Thursday, January 17, 2013

Will the U.S. Finally Flex Its “Red Line” Muscle in Syria?

Recent events in Syria may finally answer the elusive question on whether “red lines” drawn by the U.S. are really deterrents for other nations to abide by our rules or just tough guy talk. After North Korea has plowed over one red line after another, U.S. credibility can easily be called into question. Iran’s nuclear development program has not given much insight on the point of U.S. resolve either. When asked by Israel to draw a red line for Iran on its nuclear development, Obama refused for several reasons. The most important of which was that he knew very well that Iran would respect no such red line, which would force the U.S. to choose between taking military action or face public and political backlash for a lack of credibility. While a military engagement would have been operationally feasible, the U.S. was not prepared to do so, politically or logistically.

But the red line drawn for Syria on its possible use of chemical weapons seemed to be firmly in place when first issued. In August 2012, Obama threatened a pre-emptive military engagement against the Syrian regime if it was determined that Assad’s forces were moving toward the use of chemical weapons. Several months later, however, the line got a bit fuzzy when the threat changed to be more responsive in nature to the actual use of chemical weapons. Evidence of U.S. resolve began to present itself in the first week of December 2012 after Syrian force loaded their chemical weapons. The U.S. response was to send an aircraft carrier, several offensive aircraft, an amphibious warship, and thousands of troops to the Syrian shore. Other NATO forces, including the French and the British, also seem ready to pounce. Yet after a questionable attack on opposition forces on December 23rd, the red line is still in question.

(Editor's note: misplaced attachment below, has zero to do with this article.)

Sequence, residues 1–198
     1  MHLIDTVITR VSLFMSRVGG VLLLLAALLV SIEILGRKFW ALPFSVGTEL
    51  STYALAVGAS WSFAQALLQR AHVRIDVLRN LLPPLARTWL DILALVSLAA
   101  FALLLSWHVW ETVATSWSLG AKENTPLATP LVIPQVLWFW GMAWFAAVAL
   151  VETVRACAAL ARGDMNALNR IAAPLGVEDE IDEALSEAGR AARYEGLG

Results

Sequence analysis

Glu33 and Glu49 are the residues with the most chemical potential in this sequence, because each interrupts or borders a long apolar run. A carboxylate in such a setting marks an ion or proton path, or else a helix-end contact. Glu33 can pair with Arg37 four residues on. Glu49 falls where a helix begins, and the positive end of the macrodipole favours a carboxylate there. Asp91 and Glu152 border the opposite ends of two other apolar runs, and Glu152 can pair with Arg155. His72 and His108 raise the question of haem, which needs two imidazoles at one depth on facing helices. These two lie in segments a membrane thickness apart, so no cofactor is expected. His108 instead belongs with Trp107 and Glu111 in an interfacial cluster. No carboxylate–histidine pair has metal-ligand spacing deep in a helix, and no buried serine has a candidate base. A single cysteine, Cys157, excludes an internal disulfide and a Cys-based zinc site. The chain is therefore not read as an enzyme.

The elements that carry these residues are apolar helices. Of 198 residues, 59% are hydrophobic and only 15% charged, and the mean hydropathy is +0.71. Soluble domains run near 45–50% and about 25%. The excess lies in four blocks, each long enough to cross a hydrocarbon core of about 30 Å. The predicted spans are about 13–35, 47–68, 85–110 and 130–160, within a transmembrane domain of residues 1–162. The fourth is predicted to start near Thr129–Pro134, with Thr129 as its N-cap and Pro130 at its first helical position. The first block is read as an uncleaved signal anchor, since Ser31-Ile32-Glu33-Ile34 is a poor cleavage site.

On that day, Syrian forces attacked opposition forces in the city of Homs with a gas of some kind, killing 5 people and injuring about 100. It is yet to be determined whether the gas was a nerve agent (a chemical weapon capable of mass destruction) or a strong hallucinogen (a weapon generally used in riot controls which is only lethal in very strong doses). While the rebels claim to have been hit with a chemical weapon, there are inconsistencies in the effects on the victims versus the effects that would be caused by a chemical weapon. Nevertheless, the hallucinogen agent is not one that Syria is known to possess. With the type of weapon still in question, it is unclear whether Assad actually used a chemical weapon, which could indicate that his regime is mixing different gases to determine what is acceptable and what is not. He may not have crossed the red line, but he seems to be teasing and testing the U.S. by doing the hokey-pokey right on top of it. Only if he loses his balance on the wrong side will our curiosity be satisfied.

No comments: